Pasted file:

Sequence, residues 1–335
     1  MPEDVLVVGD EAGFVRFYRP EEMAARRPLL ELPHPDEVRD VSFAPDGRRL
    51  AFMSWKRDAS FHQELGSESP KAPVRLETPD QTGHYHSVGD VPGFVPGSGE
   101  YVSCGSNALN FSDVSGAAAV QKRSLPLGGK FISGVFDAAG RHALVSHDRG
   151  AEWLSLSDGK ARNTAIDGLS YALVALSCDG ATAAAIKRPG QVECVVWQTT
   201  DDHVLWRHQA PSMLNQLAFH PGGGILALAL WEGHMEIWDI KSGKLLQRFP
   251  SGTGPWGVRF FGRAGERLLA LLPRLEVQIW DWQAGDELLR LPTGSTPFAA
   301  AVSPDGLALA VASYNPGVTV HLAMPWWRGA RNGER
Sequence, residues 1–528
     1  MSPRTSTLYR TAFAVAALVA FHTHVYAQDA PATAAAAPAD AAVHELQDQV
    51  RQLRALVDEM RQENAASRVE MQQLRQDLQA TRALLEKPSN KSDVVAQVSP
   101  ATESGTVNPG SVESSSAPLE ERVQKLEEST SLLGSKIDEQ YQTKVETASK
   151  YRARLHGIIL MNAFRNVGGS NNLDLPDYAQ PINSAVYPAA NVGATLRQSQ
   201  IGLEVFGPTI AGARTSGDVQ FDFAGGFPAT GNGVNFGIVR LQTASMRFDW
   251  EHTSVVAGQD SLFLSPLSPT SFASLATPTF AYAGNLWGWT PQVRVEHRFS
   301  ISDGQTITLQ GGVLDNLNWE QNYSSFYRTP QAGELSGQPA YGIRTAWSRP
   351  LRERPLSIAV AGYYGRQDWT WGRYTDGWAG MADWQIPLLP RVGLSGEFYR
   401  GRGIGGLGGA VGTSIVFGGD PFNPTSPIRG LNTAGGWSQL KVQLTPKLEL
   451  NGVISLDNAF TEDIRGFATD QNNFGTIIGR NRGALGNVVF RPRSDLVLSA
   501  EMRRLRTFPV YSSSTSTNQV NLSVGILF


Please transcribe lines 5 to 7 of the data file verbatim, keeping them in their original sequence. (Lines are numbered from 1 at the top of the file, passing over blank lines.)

   151  AEWLSLSDGK ARNTAIDGLS YALVALSCDG ATAAAIKRPG QVECVVWQTT
   201  DDHVLWRHQA PSMLNQLAFH PGGGILALAL WEGHMEIWDI KSGKLLQRFP
   251  SGTGPWGVRF FGRAGERLLA LLPRLEVQIW DWQAGDELLR LPTGSTPFAA